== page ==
Leaky ductwork contributes to significant energy waste in many homes. In a typical home, 20 percent of the air that travels through the ductwork is lost through leaks, according to the U.S. government’s Energy Star program.
Sealing the cracks and gaps in your HVAC system’s air-delivery system will eliminate much of this energy waste. Sealing your ducts will also improve the air quality in your home by preventing contaminants from entering the ductwork through holes.
To increase energy efficiency and reduce contaminants:
- Check your accessible ductwork for leaks. Pay special attention to the connections between ducts and look for any holes in the ductwork. Use your hand to feel for any slight drafts along the lengths of your accessible ducts. Use a a tissue to test for leaks in return ducts (the ducts that deliver air from your living spaces back to your cooling or heating equipment). If the tissue is pulled toward the duct, you have a leak.
- You can seal many ducts yourself. Seal leaks using duct mastic and foil tape. Replace any duct tape with foil tape for a tighter seal. Fabric-backed “duct tape” is actually inadequate for the job.
- Call an HVAC contractor to repair leaks in hard-to-reach ducts. HVAC technicians have special tools that help them repair the ducts that you can’t.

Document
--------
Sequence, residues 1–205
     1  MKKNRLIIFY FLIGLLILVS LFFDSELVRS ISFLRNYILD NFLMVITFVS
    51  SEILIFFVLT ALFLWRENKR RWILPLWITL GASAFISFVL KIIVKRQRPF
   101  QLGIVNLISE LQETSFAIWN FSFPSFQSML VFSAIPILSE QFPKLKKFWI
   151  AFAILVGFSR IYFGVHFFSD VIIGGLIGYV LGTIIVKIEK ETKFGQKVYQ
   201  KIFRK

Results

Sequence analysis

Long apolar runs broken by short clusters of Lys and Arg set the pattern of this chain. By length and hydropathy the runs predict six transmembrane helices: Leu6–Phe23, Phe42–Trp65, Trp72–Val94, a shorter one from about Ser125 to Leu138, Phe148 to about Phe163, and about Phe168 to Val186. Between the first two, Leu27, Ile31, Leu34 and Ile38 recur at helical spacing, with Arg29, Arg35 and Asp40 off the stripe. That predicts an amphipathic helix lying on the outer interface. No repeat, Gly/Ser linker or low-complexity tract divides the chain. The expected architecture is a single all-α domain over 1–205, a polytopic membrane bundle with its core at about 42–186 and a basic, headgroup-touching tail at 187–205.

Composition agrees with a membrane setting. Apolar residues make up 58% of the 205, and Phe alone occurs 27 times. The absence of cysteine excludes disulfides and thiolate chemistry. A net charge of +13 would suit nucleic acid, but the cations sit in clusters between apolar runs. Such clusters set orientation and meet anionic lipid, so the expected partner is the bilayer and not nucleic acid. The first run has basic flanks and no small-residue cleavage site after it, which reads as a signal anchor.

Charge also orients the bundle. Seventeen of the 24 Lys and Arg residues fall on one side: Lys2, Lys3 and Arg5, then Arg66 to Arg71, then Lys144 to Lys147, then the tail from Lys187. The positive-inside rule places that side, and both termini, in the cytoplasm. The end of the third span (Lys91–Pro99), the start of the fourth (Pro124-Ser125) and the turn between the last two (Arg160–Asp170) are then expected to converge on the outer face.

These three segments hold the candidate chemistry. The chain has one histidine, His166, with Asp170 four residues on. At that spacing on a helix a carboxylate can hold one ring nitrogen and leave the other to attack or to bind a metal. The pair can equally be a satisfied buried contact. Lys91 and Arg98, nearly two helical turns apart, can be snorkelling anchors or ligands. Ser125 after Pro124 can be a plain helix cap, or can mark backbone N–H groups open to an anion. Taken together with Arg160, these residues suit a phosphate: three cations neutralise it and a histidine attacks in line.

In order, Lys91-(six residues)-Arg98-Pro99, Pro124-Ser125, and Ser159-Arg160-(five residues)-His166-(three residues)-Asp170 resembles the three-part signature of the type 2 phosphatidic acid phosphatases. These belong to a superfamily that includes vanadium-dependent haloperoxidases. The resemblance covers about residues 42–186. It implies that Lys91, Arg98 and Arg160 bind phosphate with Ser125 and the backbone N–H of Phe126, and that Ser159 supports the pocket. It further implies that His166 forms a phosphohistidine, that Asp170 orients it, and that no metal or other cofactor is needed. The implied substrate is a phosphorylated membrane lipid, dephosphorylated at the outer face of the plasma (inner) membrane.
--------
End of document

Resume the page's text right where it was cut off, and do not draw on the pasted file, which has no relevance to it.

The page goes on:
Another tip for boosting energy efficiency: Remove blockages to airflow. Check the area around all your accessible vents and grilles. Make sure rugs, drapes or curtains, furniture or other potential obstructions aren’t hindering the airflow to and from your ductwork. Check the ductwork itself for kinks (in flexible ducting) that might be hindering airflow.
For more information about sealing your ducts or improving the air quality and energy efficiency of your home, contact the experts at Conditioned Air. We serve homeowners throughout Southwest Florida.
Our goal is to help educate our customers about energy and home comfort issues (specific to HVAC systems). For more information about other HVAC topics, download our free Home Comfort Resource guide.
Ductwork image via Shutterstock